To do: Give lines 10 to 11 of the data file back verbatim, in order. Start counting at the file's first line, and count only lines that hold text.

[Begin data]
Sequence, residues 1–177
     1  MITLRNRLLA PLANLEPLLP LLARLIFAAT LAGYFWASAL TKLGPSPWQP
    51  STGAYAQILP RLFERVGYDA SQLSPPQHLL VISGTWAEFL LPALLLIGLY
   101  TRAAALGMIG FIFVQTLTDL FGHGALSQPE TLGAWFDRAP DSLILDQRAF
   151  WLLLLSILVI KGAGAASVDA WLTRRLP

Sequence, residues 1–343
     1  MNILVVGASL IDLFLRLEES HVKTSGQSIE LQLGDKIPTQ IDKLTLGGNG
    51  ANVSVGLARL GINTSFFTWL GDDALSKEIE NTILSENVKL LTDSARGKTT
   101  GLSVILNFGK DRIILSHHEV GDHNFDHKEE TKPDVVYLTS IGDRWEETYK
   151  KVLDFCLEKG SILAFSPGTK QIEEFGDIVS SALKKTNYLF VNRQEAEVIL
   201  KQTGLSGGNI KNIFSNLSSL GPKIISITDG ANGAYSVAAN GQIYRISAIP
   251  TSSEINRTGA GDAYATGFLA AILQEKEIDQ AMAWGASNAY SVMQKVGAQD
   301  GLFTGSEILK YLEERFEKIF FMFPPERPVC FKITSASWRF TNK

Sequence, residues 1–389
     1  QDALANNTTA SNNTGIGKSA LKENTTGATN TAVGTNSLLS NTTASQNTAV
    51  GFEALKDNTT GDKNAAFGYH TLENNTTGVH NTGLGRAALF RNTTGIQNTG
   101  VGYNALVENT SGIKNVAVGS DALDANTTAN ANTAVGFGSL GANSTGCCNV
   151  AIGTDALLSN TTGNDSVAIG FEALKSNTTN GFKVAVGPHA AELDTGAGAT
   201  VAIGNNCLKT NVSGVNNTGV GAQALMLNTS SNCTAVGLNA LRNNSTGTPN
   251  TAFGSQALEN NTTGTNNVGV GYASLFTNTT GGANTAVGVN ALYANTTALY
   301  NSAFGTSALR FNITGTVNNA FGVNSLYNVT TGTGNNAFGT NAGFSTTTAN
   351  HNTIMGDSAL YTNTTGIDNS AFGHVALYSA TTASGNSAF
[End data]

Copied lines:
   151  KVLDFCLEKG SILAFSPGTK QIEEFGDIVS SALKKTNYLF VNRQEAEVIL
   201  KQTGLSGGNI KNIFSNLSSL GPKIISITDG ANGAYSVAAN GQIYRISAIP